Yurtseven, who turned 24 last month, was a dominant force for the Heat in last year’s summer league averaging 22.4 points and 11.2 rebounds per game.

Garrett, 23, also played for the Heat in the summer league last year after being drafted from Kansas and impressed enough to earn a two-way deal from the organization. But he was waived in January before undergoing season-ending surgery to repair instability in his right wrist and then stay around the Heat for rehabilitation.

Returning to the Heat for a second straight summer league as a free agent seeking a spot on the NBA roster, Garrett hopes to earn another opportunity with the team for this upcoming season.

ANOTHER QUIET DAY

The Heat have made no moves in free agency since receiving commitments from center Dewayne Dedmon and guard Victor Oladipo to return next season just minutes after free agency opened Thursday night. Miami also lost forward PJ Tucker to the Philadelphia 76ers on the first day of negotiations.

The waiting pattern continued on Tuesday, as the Heat took a patient approach amid ongoing Kevin Durant draws. Durant, who requested a trade from the Brooklyn Nets last week, would have the Phoenix Suns and Heat as two of his favorite trade destinations.

But as the Heat’s free agency hiatus continued, another option to fill the void left by Tucker when the starting forward left the roster on Tuesday. Veteran forward TJ Warren has reportedly agreed to join the Nets on a one-year free agency deal.

Notable forward options that remain available in free agency include Juancho Hernangomez, Paul Millsap, Blake Griffin and Carmelo Anthony, and two of the Heat’s own free agents in Caleb Martin and Markieff Morris.

The Heat’s roster for next season currently has 12 standard contract players: Bam Adebayo, Jimmy Butler, Dedmon, Tyler Herro, Highsmith, Jovic, Kyle Lowry, Oladipo, Duncan Robinson, Max Strus, Gabe Vincent and Yurtseven.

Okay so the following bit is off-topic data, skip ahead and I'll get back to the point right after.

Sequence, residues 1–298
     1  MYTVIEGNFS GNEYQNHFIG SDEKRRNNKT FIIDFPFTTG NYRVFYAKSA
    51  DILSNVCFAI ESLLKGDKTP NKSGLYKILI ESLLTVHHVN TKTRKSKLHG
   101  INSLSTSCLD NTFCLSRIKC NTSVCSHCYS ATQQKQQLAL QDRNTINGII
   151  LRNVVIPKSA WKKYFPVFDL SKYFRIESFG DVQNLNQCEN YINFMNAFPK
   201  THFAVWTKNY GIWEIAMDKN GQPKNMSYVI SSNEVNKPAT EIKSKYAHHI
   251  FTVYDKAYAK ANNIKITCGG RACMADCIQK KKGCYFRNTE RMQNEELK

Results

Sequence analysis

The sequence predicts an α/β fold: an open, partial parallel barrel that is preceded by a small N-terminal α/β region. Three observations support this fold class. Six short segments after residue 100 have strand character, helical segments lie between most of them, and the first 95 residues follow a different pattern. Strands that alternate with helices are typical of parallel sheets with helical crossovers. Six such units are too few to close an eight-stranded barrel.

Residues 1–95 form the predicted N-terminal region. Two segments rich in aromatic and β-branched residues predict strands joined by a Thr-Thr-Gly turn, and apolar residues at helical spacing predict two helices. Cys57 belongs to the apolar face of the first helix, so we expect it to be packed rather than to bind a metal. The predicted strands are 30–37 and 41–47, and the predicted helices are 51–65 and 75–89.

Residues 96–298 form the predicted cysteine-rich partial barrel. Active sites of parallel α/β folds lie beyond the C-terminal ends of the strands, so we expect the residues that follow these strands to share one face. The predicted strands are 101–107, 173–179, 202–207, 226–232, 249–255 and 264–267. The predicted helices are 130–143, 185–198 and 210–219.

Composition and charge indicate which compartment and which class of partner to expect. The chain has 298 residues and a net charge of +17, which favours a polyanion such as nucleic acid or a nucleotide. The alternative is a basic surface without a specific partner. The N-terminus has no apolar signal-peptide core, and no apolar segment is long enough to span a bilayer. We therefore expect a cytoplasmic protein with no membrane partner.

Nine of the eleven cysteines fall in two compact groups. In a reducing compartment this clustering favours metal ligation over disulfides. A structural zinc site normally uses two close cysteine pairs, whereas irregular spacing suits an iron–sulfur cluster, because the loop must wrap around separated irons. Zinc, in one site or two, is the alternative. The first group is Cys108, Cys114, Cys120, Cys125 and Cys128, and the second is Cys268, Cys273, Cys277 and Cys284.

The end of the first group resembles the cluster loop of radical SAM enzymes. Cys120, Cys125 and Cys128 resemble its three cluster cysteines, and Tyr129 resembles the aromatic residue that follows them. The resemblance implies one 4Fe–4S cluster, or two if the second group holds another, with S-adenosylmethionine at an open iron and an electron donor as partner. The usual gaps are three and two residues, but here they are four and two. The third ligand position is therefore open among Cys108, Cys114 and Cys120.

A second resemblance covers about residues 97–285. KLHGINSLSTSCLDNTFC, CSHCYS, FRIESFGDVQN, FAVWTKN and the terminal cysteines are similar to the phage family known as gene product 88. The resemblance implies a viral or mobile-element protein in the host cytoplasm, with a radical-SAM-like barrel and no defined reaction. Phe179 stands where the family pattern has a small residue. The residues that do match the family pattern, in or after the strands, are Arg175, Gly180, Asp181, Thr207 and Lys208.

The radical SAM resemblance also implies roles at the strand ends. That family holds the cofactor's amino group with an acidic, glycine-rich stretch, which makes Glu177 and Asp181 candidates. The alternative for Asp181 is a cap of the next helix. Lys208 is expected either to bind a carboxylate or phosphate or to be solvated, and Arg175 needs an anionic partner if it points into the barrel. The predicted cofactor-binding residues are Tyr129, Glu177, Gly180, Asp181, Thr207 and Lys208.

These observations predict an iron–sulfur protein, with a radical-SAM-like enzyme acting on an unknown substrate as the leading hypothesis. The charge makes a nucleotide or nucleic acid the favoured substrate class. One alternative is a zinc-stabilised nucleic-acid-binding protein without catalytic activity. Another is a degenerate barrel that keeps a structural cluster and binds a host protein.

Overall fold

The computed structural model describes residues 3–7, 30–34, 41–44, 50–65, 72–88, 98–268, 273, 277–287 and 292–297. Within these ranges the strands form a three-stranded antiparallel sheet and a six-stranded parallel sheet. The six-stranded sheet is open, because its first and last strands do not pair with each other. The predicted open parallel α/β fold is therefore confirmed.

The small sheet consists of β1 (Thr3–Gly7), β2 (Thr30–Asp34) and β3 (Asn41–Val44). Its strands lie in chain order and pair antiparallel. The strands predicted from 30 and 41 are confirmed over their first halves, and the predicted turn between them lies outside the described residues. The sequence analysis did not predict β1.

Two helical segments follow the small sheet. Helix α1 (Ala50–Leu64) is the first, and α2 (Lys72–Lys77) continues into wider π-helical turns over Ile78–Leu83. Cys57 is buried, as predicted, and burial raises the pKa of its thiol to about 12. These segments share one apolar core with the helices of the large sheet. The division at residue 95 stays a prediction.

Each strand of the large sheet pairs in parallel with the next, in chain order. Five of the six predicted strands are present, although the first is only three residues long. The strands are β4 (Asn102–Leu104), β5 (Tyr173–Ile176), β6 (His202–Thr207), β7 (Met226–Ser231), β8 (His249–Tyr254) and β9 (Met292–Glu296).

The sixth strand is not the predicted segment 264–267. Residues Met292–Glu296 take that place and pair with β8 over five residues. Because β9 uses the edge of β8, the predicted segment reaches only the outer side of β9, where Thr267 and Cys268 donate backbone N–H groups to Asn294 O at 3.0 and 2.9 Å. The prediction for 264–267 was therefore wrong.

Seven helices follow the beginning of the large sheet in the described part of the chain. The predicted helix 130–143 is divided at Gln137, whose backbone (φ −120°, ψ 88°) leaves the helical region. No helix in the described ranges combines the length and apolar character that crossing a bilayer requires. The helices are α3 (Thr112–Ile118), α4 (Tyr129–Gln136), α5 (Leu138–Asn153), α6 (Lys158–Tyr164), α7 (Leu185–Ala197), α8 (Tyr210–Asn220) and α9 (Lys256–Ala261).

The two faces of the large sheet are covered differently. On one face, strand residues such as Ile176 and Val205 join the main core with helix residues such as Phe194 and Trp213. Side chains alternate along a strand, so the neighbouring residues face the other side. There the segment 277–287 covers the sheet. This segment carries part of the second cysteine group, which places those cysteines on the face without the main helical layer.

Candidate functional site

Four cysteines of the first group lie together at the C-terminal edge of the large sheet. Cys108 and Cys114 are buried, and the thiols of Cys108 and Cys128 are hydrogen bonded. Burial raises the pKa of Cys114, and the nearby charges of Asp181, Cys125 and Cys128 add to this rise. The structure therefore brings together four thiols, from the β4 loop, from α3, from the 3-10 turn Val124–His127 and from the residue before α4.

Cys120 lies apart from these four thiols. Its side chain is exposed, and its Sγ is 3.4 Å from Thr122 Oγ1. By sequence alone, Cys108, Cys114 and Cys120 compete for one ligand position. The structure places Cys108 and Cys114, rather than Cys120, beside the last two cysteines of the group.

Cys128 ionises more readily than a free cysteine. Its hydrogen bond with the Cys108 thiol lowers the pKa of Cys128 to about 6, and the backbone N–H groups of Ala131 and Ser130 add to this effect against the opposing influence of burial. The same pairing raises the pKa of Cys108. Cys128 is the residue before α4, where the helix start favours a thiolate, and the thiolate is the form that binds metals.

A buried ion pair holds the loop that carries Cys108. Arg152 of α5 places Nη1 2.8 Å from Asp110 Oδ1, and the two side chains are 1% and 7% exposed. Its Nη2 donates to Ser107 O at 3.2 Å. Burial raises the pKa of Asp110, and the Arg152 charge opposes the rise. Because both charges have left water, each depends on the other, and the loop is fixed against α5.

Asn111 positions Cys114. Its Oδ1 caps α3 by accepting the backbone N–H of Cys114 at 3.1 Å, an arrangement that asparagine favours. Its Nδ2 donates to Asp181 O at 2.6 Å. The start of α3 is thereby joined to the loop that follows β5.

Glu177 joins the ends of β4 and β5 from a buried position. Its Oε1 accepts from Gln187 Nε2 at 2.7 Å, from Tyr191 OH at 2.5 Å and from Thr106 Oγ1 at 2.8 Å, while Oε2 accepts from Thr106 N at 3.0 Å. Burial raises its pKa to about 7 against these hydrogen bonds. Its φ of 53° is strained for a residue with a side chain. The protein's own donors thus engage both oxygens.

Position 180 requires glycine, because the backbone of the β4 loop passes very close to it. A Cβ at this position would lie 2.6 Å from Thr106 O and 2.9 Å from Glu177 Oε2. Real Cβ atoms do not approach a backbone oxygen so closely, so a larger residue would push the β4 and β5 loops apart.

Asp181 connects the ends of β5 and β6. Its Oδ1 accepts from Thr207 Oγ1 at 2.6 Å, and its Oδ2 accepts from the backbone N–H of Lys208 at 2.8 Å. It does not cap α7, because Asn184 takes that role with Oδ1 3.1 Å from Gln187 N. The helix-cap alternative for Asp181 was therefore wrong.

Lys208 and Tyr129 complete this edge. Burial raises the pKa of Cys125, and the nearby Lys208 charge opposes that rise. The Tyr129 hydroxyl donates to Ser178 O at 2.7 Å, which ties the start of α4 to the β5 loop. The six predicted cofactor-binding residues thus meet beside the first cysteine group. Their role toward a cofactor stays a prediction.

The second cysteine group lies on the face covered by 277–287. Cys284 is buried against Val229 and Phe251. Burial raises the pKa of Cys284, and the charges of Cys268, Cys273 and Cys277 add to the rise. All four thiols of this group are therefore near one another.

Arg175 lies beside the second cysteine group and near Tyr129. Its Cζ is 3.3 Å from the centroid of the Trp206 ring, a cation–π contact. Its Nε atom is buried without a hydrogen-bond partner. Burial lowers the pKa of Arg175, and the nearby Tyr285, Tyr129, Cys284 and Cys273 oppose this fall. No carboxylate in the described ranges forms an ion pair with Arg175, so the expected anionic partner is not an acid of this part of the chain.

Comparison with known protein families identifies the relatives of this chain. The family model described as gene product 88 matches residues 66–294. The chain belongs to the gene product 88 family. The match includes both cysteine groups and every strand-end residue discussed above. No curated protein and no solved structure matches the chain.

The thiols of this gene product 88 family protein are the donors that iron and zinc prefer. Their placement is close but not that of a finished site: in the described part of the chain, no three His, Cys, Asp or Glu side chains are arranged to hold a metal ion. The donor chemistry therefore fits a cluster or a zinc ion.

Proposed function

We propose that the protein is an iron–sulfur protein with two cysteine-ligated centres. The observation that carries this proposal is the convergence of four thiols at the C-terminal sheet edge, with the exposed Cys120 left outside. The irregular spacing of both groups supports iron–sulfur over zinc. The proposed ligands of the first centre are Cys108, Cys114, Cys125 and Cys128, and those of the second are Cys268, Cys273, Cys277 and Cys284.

Mychal Mulder and Javonte Smart currently hold the Heat’s bilateral contracts.

NBA teams are allowed to carry up to 20 contracted players during the offseason and preseason, a total that does not include those under summer league contract. The rosters must be reduced to a maximum total of 17 players (15 under standard contract and two under two-way contract) by the start of the regular season.

Three players from the Heat’s late-season roster remain available in free agency: Udonis Haslem and Morris are unrestricted free agents and Martin is a restricted free agent.

NBA free agents, including Dedmon and Oladpo, can begin signing their new contracts with teams when the free agency moratorium ends at noon Wednesday.

If Martin receives an offer sheet from another team as a restricted free agent, the Heat’s two-day clock to match it would also begin Wednesday when the moratorium ends.

This story was originally published July 5, 2022 4:52 p.m.

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Anthony Chiang covers the Miami Heat for the Miami Herald. He attended the University of Florida and was born and raised in Miami.